What we learned was sociology. We learned to be embarrassed of them in public. We learned to be ashamed. And we did everything we could to make sure--because we loved them--that they didnít blunder by coming out in public. We didnít let them come to PTA meetings. We didnít take the notices home. Because we loved them. We knew that if they came to school, theyíd open their mouths, because thatís how parents are. And because they were our parents, when they opened their mouths, theyíd speak Spanish, and when they did, theyíd get swatted. Now we, as second graders, thought that made sense. It was our way of taking care of them and of the world. We wanted to be good kids, and this was our way of being good.
But then, of course, somebody at the school, undoubtedly an administrator, said those Mexican parents donít care about their kids--
There you go.
They never come to meetings.
Absolutely right. Absolutely right.
Caught in the trap.
But not in, the long run. Itís not always as dire as it sounds. I think there were a lot of people, a lot of families, who didnít survive this. But there were many who did, who were smarter than that trap, and I think that needs to be said somewhere along the way, as well.
You have a poem called ďNaniĒ that speaks, in some respects, about being smarter than that trap.
Let me tell you something about it. Toward the end of elementary school and the beginning of junior high school, I really couldnít speak Spanish anymore. Which is to say I learned well. I let them take it away from me.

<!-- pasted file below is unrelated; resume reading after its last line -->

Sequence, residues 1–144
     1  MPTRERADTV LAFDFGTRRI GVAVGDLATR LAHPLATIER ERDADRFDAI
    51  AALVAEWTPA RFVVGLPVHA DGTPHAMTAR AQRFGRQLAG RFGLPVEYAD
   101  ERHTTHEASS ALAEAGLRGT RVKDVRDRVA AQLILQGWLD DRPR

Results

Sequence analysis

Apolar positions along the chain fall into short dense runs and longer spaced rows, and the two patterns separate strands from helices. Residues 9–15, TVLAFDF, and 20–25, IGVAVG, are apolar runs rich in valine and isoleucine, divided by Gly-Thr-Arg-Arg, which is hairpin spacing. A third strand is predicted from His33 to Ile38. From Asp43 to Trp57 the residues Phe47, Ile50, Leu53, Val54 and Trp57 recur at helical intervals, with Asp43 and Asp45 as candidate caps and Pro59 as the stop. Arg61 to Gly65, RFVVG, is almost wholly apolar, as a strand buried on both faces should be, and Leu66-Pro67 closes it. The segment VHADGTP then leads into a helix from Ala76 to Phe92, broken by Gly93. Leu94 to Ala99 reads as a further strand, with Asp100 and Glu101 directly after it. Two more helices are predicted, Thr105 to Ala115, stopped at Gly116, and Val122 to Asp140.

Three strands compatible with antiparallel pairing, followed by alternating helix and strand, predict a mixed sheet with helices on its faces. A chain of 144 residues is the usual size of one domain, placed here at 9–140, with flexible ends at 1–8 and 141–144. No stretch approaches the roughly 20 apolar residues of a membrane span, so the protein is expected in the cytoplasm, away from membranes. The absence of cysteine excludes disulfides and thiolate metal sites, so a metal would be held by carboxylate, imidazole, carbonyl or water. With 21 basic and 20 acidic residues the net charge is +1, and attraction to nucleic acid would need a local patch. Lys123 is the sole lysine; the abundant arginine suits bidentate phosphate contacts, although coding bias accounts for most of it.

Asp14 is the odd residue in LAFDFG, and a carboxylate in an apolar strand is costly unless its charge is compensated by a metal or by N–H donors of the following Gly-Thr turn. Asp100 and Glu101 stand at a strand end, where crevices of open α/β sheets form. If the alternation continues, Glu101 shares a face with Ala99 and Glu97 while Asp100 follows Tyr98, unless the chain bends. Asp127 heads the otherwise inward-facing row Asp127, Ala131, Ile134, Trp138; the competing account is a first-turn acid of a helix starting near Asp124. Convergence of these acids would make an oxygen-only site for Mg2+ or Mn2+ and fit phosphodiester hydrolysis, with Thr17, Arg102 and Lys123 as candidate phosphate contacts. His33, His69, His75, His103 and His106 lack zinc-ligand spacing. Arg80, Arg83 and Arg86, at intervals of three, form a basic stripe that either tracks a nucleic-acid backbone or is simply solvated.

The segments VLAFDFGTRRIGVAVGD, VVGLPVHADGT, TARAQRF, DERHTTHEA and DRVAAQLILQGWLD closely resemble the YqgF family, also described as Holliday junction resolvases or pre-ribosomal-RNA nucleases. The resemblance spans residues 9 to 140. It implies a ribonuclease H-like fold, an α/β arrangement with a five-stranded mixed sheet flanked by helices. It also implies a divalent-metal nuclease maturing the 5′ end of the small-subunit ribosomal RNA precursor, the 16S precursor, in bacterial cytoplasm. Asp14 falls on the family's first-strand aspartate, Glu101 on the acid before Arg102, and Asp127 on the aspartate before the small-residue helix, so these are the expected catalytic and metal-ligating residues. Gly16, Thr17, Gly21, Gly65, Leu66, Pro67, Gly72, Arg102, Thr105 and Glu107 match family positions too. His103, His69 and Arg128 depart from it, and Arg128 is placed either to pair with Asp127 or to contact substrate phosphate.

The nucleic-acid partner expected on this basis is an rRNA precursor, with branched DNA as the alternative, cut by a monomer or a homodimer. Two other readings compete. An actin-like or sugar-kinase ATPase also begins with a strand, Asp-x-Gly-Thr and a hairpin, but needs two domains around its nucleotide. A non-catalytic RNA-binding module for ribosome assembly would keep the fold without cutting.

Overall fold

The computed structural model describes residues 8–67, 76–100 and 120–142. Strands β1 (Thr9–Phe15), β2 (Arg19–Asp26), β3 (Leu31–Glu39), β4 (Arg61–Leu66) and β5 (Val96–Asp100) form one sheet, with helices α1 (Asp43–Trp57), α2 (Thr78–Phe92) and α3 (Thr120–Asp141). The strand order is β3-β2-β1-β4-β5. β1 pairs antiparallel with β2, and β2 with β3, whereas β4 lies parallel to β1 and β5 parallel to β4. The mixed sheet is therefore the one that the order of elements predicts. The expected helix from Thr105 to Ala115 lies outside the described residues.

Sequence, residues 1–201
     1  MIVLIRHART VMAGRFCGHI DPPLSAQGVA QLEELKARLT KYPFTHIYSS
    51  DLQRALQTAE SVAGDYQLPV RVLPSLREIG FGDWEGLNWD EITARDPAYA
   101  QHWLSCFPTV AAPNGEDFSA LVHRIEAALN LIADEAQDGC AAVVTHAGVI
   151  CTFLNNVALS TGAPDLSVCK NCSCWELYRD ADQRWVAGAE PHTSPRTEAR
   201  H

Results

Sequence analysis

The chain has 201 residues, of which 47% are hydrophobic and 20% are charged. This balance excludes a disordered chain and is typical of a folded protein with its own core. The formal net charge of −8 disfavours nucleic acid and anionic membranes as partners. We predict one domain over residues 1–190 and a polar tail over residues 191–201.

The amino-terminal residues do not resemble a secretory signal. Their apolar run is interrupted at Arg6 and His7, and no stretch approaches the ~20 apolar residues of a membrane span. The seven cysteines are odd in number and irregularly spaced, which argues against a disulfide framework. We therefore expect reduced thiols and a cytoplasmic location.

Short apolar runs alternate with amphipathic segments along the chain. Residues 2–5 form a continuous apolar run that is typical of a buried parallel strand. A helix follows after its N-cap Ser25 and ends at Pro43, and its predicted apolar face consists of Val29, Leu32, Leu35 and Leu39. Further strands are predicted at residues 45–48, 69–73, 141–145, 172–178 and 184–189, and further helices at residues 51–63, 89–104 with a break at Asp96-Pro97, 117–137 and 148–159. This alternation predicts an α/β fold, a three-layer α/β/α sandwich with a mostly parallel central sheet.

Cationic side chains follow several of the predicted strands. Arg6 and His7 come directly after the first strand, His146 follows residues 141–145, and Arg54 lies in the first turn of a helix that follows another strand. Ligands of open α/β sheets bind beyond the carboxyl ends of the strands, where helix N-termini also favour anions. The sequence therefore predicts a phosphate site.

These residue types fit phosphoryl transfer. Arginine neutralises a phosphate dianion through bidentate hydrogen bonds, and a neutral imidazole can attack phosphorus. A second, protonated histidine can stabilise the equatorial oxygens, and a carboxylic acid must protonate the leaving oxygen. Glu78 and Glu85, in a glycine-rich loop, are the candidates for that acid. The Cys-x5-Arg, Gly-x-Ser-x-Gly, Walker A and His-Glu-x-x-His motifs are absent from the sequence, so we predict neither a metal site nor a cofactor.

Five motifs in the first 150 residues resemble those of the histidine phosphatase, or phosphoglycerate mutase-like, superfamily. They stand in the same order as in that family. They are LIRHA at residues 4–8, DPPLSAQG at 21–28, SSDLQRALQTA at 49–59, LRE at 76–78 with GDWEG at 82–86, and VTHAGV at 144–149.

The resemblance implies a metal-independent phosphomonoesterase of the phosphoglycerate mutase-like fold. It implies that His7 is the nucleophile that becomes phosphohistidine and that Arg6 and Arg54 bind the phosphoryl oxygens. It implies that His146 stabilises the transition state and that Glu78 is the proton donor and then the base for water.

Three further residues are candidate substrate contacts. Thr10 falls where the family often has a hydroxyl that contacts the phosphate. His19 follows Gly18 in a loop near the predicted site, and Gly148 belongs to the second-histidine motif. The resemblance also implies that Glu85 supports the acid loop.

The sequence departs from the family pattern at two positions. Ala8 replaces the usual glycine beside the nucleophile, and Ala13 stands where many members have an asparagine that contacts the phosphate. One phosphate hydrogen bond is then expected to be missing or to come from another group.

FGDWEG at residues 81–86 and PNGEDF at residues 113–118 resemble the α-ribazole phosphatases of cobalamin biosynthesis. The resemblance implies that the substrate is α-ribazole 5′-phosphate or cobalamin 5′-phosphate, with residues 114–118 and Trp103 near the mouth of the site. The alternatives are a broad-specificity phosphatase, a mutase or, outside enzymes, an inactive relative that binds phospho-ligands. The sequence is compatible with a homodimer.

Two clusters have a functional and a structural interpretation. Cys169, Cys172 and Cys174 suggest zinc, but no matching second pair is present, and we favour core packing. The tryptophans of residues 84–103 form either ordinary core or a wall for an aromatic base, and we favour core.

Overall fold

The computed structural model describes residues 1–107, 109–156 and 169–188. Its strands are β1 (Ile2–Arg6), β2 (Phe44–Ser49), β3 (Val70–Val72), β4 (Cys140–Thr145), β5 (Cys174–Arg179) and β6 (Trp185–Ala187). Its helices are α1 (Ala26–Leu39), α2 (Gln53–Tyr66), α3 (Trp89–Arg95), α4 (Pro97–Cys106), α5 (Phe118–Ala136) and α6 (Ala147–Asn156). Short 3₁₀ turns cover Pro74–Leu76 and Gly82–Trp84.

But you canít have words taken away. Theyíre yours forever. You can change your attitude towards them, and thatís what I think happened. It wasnít until later, in high school and the beginning of college, that I re-learned Spanish. And what I was really doing was not re-learning the words at all, but relearning my attitude toward them. Nevertheless, there was a time, late in elementary school, in particular, when I thought I couldnít speak Spanish.
My grandmother could only speak Spanish. And I was still going to her house once a week at least, for lunch, just the two of us. We had a problem. I mean, we can describe it that way. She didnít speak English. I didnít speak Spanish. But in fact, there was no problem, because we were grandmother and grandson, and what we created for ourselves was essentially another language. I donít know what to call it. Itís too easy to call it the language of love or something like that. I see it as a language of some ultimate necessity. I needed her, and she needed me, and so we created for ourselves a third language, one that didnít diminish either of us. It was a simple language. Itís one I think a lot of people understand. Simply, she would cook, and I would eat. And thatís how we talked. It tasted good.
Youíve called ďNaniĒ your breakthrough poem. Is it because, somehow, this was a poem of truth for you?
It was a poem of truth in the greater sense, in that when I wrote it, I didnít know what I was writing. It was writing me. And I think that happens sometimes with language. I wrote these words down, but I didnít ďgetĒ them.